Solid Edge with Synchronous Technology – Part 2

While direct modeling software has been around for a while, I started paying close attention only when SpaceClaim came around. I am now convinced that this is the way ahead and whether the CAD vendors like it or not, their customers are going to ask to be served this dish. So they had better learn to cook it sooner than later.

For the benefit of those completely new to Solid Edge ST, I will first explain a few concepts. In my opinion, the main concepts that need to be understood are:
1) Steering Wheel – The direct editing tool that does all the magic
2) Live Rules – The rules that decide how this tool behaves
3) 3D Dimensions – Geometry driven by dimensions
4) Procedural Features – Arrays and patterns

The Steering Wheel

This contraption is responsible for all the direct editing in Solid Edge ST. It pops up when you click the mouse on a face. The big sphere at the center is called the origin knob and is positioned at the location where you clicked the mouse. The steering wheel can be moved to another face or even left dangling in space. To move the steering wheel simply click and drag the origin knob and the steering wheel moves along with it.

The long arrow is called the primary axis and automatically aligns itself to the face normal. In case of non-planar faces, it aligns with the normal at the location where you clicked the mouse. The primary axis points to a small sphere called the primary knob which can be dragged around to reorient it.

The small arrow is called the secondary axis and points towards one of the four secondary knobs on the steering wheel. To point the secondary axis to a different knob simply click the knob. There is also a blue disc between the origin knob and the wheel which is used to move geometry in its plane.

By now I guess most of you must be saying, “Enough of this axis and knob stuff. Tell me what this thing actually does?”. Well actually, the steering wheel does just two things: Move and Rotate. They call it the synchronous move and synchronous rotate. These two are fundamental to understanding how direct editing occurs in Solid Edge ST. You get this wrong and you will find yourself clicking and dragging stuff around and getting weird results. Given below are two very simple examples of a synchronous move and synchronous rotate.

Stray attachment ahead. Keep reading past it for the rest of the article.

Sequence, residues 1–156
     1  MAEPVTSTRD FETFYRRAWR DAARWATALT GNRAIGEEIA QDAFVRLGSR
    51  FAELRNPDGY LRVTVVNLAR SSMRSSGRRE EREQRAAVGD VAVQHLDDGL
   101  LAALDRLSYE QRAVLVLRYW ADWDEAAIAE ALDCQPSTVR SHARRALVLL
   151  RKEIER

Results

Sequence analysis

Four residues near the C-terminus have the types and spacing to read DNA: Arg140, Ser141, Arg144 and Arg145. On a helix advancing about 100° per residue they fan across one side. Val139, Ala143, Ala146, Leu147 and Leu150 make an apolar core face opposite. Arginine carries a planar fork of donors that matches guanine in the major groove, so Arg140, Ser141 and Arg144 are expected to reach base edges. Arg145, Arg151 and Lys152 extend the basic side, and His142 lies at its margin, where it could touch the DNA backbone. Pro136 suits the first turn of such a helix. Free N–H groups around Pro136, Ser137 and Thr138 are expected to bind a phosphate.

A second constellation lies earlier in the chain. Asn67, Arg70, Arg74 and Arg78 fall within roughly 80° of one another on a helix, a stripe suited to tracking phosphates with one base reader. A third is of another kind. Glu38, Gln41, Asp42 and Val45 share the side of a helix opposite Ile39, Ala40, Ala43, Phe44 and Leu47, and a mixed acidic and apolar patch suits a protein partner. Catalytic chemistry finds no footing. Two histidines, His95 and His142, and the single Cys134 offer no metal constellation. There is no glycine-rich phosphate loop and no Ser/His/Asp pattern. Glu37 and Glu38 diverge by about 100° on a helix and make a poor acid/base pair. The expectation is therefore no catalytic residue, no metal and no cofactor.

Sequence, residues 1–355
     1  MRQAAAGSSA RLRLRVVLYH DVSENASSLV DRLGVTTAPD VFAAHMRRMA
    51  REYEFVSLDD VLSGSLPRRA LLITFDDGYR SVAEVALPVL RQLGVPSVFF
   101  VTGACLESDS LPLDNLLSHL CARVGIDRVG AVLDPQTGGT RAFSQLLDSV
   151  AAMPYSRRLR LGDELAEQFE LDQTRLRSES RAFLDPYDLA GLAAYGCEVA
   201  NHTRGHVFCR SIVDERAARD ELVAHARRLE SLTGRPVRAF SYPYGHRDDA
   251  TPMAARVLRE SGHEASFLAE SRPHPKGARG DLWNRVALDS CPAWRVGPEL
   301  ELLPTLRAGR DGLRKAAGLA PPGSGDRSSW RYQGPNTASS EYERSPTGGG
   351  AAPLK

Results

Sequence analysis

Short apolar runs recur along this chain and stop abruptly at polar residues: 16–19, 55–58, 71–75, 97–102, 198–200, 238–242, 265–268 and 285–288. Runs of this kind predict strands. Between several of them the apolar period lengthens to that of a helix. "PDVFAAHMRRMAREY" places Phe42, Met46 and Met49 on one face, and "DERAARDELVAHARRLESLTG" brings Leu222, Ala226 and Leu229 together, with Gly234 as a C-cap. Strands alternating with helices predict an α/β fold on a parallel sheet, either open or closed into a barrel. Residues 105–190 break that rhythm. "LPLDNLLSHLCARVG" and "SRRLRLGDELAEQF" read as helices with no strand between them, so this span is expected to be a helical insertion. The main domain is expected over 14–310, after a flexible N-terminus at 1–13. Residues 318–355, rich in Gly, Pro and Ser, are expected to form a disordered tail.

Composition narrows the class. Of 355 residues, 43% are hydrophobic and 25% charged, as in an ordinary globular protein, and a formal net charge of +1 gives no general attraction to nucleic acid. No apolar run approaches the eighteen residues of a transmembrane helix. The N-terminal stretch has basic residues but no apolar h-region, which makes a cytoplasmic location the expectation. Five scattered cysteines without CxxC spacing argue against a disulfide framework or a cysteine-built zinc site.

Synchronous Move

Synchronous Rotate

In the first case, I moved the top face along the primary axis. In the second case I reoriented the steering wheel while keeping its origin on the top face, and then rotated it about the new primary axis. The top face got rotated as well.

Now reorienting the steering wheel can be a hassle. It involves setting the secondary axis correctly and then dragging the primary knob around. You can often skip this step. Simply find another face to attach the steering wheel to. In my case, I moved the steering wheel to the front face and then rotated it. The front face was not selected and hence did not get rotated. The top face was selected and got rotated instead. Exactly what I had in mind.

I have only scratched the surface of the steering wheel. There is a lot more that can be done. To give you an example, there is something known as “Solve Type”, which basically contols how adjacent faces on the model react to the modification. You can set it to simple or adaptive. In case of simple, adjacent faces are extended or trimmed as required, but will maintain their original orientation. In adaptive, adjacent faces are extended or trimmed as required, but can also change their orientation. The figure below shows the same face rotation operation with simple solve type on the left and adaptive on the right.

Simple and Adaptive Solve Types

I noticed that double clicking on the various parts of the steering wheel does not do anything. Actually the double click is processed as two single clicks, which means that the programmers have not processed the double click mouse event at all. Since reorienting the steering wheel can sometimes be a pain, it would be nice if double clicking the various parts of the steering wheel could do something intelligent and useful. For example, double clicking on a secondary knob (one of the four knobs on the wheel) could reorient the steering wheel to make the primary axis point in that direction. So in the case above where I reoriented the steering wheel manually by dragging the primary knob and waited patiently for it to snap somewhere, I could have simply double clicked on the required secondary knob and my steering wheel would have been already set up.

Similarly double clicking the origin knob could move the steering wheel to the centroid of the face or maybe someplace else. Double clicking the primary or secondary axis could swap them, and so on.

Next time I will discuss Live Rules. That’s when things will get really interesting.